When we go down to the beach house we see a few Segways displayed for rent by the day, and a few get onto the Boardwalk. The Boardwalk is now divided, with separate two-way paths for "feet" and "wheels". Wheels include skates, skateboards, bicycles, and I would suppose Segways. Motor vehicles have always been forbidden but I guess they have made an exception for the Segway; fortunately there have not been many of them, so the public safety people haven't had to get into the act. Yet. I wonder what the penalty will be for drunk in charge of a Segway? There's no license to lose...
Yesterday when we went up to Santa Barbara to scout the terrain for our youngest son's impending wedding, we saw four (4) Segways in use on State street. I presume they were rental units: it looked like a typical family, one teen and one pre-teen child and their parents. They were the only ones I saw all day. Clearly the wealthy and very green inhabitants of Santa Barbara haven't bought into "IT". I haven't been to Berkeley (the most handicapped-friend city in the USA, at least at one time) to see if "IT" has caught on there, but I'd be much surprised if it has.
I'd probably have forgotten about the Segways in Santa Barbara if Richard Doherty, the Envisioneering genius I rely on for advice on many technical matters, hadn't included this USA Today bit in his daily news roundup. Of course Richard is a neighbor and old friend of Dean Kamens, and I suppose he was one of the early enthusiasts. I know he bought one of the very first Segways. As for me, I prefer to walk to the stores in my village, and to take long walks with my dog, and if I get too old to walk I doubt I'd be a trustworthy Segway operator.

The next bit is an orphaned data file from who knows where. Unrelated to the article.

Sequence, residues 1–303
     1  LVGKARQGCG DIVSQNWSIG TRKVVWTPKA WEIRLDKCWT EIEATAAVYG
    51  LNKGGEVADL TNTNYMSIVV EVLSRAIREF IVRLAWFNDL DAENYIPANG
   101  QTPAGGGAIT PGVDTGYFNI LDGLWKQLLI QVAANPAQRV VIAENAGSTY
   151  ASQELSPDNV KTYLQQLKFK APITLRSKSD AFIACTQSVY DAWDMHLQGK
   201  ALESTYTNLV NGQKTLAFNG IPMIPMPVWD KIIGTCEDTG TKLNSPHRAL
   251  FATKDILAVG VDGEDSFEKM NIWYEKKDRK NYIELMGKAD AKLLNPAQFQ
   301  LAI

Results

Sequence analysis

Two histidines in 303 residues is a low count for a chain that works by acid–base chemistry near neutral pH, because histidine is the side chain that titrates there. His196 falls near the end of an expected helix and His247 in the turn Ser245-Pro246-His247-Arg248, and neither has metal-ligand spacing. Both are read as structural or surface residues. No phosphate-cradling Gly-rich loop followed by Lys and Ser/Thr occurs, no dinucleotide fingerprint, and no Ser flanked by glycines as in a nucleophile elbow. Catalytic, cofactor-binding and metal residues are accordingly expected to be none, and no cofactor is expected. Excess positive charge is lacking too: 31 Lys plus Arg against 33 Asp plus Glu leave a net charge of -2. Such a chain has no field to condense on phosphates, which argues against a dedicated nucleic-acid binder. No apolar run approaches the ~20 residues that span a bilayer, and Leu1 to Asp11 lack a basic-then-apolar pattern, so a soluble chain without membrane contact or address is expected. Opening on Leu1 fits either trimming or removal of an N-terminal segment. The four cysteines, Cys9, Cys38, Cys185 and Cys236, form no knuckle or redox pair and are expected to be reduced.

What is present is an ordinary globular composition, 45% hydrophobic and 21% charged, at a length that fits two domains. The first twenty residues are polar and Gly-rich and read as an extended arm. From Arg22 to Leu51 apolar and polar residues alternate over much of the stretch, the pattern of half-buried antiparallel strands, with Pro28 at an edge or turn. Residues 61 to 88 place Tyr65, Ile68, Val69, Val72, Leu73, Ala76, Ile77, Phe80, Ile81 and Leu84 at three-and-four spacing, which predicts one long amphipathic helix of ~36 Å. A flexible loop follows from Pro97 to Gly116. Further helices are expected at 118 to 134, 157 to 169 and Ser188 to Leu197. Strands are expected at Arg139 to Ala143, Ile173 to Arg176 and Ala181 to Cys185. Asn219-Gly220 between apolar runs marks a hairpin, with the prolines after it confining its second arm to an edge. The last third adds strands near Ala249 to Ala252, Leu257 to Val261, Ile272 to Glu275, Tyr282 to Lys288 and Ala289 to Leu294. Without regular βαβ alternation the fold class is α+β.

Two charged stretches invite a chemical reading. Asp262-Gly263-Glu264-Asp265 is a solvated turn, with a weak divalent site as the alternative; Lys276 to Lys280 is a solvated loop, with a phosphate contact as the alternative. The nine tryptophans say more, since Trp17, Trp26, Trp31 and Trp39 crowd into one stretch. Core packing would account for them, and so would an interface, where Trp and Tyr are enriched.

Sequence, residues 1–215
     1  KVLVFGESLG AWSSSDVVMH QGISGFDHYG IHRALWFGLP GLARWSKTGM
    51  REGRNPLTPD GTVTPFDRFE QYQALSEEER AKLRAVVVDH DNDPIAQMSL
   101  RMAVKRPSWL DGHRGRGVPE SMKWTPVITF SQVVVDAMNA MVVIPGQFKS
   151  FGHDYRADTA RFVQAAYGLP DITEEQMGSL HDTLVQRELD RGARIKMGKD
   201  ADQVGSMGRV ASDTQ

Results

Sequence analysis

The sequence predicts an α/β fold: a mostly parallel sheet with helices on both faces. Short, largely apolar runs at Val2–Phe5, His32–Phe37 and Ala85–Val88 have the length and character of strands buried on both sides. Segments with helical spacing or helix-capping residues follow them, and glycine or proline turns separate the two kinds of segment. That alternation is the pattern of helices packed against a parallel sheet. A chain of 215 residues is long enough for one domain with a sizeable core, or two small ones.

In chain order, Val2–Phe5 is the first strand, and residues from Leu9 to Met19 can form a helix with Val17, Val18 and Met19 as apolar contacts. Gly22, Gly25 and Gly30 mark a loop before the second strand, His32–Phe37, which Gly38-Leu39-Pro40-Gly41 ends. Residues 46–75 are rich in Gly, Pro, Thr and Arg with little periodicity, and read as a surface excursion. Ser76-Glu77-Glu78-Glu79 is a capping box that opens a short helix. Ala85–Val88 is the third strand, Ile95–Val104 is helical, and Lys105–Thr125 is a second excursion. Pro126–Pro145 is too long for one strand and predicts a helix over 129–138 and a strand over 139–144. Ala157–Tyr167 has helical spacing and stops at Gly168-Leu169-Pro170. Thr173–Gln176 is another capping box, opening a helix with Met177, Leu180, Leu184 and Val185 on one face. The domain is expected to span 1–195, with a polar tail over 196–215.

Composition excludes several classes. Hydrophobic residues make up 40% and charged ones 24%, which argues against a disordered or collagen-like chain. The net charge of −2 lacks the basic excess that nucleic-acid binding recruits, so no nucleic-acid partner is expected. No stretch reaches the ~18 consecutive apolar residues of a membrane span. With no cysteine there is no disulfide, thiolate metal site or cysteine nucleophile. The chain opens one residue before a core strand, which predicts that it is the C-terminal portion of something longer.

July 11, 2006
From Dow Jones:
One suspects that Bush is relieved that the courts have taken much of the decision power out of his hands, but did so in a way that doesn't really diminish executive power. Guantanamo is a political liability: whatever the President does has a great deal of downside potential, and almost no upside. Letting them all go would infuriate the conservative base without getting any credit at all with the liberals, and would go almost unnoticed by the center -- until one of those released became involved in an act of terror, something that would be almost sure to happen. If those people were not terrorists when they went into Camp Gitmo, they are now.
The President is holding a wolf by the ears. It's hardly the first time. Tiberius said much the same thing of his reign.